How Dogs Learn

Mar 4 / Jay Gurden
Learning theory is a subject full of terminology and jargon, with quadrants, primary reinforcers, secondary reinforcers, punishment and many more. It can be a very confusing subject to dive into.

There is though simple explanation of how dogs learn. Dogs learn by making associations. The most famous example of canine association forming is the case of Pavlov’s dogs. To sum it up briefly, the dogs in the study knew that the arrival of people meant they were about to be fed. The sound of a bell, a noise that meant nothing to them at the start of the study, rung right before the bowl of food arrived, became a predictor of feeding time and so they began to salivate anticipating the food as soon as the bell sounded.

This ability of dogs to form an association was later developed further by other scientists to increase or decrease the likelihood of dogs doing certain things and showing certain behaviours. If something they do is followed immediately by something good, something they like, they will trying taking that action again. If the immediate result is something they do not like, that they consider bad, they are unlikely to do that thing again. That is the basic description of how dogs learn.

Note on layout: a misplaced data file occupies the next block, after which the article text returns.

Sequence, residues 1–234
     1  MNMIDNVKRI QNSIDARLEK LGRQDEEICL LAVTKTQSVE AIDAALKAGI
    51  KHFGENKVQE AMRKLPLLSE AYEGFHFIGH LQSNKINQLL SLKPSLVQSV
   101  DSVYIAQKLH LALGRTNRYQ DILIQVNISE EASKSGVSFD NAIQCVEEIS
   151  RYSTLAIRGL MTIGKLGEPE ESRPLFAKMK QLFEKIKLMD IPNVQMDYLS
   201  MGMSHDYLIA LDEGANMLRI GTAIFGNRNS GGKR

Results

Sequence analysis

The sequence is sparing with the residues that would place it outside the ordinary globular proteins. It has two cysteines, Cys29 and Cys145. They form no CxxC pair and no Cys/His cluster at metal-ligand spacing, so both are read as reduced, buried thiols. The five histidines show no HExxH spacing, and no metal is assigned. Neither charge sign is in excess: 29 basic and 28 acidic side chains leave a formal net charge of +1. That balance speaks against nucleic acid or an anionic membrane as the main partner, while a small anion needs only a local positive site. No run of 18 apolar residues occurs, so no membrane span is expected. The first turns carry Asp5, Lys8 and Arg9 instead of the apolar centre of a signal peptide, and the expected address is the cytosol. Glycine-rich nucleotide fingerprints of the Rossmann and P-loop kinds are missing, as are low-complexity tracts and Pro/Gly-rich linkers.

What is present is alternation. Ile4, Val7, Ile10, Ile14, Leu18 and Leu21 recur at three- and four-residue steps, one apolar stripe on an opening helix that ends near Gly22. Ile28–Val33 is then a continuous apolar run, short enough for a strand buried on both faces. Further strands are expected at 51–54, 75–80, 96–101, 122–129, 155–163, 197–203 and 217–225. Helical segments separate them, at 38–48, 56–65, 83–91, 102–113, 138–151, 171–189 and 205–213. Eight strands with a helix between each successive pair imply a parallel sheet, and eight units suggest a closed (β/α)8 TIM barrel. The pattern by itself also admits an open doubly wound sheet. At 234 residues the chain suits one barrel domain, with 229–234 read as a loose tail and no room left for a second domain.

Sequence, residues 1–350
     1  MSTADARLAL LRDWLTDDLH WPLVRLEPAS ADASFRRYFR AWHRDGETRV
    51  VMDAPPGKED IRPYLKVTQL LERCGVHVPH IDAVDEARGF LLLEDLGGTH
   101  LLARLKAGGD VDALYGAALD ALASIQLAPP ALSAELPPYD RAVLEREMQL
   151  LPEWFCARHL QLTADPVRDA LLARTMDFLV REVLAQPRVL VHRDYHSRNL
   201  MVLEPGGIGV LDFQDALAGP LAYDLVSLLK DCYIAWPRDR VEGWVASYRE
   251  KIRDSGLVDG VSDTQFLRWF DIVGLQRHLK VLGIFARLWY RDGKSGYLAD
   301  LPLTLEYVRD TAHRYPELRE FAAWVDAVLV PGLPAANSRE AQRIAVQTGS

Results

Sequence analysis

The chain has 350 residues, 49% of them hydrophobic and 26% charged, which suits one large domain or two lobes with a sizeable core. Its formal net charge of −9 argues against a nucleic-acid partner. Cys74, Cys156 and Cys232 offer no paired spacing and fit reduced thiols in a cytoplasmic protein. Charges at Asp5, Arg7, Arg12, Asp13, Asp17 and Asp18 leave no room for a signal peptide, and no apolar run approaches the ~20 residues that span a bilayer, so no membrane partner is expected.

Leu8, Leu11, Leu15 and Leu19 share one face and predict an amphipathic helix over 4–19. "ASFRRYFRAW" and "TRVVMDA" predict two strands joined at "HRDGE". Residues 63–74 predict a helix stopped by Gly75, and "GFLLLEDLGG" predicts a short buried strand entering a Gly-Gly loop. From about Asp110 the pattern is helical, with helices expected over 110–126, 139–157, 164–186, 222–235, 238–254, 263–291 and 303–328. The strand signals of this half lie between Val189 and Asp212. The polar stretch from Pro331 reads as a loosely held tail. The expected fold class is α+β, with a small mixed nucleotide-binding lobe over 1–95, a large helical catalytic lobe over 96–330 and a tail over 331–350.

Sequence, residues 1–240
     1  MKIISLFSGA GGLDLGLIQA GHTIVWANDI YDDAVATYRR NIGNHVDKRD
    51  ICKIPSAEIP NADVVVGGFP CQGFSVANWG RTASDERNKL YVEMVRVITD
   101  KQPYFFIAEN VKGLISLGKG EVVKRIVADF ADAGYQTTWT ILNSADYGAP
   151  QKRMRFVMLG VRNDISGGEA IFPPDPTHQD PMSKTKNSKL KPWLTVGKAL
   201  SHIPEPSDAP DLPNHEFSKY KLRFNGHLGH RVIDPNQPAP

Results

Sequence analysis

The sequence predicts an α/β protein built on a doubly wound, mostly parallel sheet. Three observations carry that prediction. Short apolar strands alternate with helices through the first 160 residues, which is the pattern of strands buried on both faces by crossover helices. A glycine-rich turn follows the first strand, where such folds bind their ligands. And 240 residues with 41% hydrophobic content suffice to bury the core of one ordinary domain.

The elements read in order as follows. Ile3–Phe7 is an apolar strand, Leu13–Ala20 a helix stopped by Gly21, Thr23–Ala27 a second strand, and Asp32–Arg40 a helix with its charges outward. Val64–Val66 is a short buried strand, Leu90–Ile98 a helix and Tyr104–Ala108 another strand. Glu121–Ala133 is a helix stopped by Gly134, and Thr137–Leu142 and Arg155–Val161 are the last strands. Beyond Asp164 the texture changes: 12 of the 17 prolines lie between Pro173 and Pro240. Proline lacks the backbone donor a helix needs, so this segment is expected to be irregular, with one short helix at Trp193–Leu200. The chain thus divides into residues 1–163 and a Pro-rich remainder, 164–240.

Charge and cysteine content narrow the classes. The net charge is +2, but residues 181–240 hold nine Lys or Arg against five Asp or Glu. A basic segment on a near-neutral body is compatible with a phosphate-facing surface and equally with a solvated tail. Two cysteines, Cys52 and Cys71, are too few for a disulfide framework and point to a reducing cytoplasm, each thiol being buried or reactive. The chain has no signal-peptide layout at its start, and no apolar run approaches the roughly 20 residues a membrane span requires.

Guardians and trainers who are not kind and empathetic may take this as a demonstration that the style of training utilising physical or verbal punishment or ‘corrections’ is effective. Technically it is, in that the dog is less likely to repeat undesirable behaviour if they do not like the consequence. While following in the science of how dogs learn, this is neither the kindest nor the most ethical way in which to teach dogs. It can leave dogs reluctant to try new things in case of reprimand or punishment, leaving them with a pessimistic view of the world.

Instead, it is far preferable to focus on the positive side of the spectrum. Positive reinforcement, reward based training takes the best parts of the science around how dogs learn. Knowing that they will receive something they like gives us a dog that is keen to learn, wants to try new things, and enjoys working with the humans around them. It utilises dopamine, a feel-good neurotransmitter in the brain that is associated with memory and learning and the reward centre of the brain. A dog that knows only the rewards of getting things right is far more likely to have a confident and optimistic view of the world.

When it comes to deciding the route to follow based on how dogs learn, there is no question which path the dogs would choose to take!

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